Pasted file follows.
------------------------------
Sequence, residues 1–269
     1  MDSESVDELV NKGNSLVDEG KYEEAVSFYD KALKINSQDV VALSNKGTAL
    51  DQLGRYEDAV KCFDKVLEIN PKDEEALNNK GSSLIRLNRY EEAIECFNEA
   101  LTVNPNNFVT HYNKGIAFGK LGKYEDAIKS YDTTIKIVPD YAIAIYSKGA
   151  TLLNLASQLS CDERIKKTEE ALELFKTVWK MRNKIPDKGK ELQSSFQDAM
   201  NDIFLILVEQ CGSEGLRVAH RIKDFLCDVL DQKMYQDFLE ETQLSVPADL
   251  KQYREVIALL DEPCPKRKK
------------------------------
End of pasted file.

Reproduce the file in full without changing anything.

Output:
Sequence, residues 1–269
     1  MDSESVDELV NKGNSLVDEG KYEEAVSFYD KALKINSQDV VALSNKGTAL
    51  DQLGRYEDAV KCFDKVLEIN PKDEEALNNK GSSLIRLNRY EEAIECFNEA
   101  LTVNPNNFVT HYNKGIAFGK LGKYEDAIKS YDTTIKIVPD YAIAIYSKGA
   151  TLLNLASQLS CDERIKKTEE ALELFKTVWK MRNKIPDKGK ELQSSFQDAM
   201  NDIFLILVEQ CGSEGLRVAH RIKDFLCDVL DQKMYQDFLE ETQLSVPADL
   251  KQYREVIALL DEPCPKRKK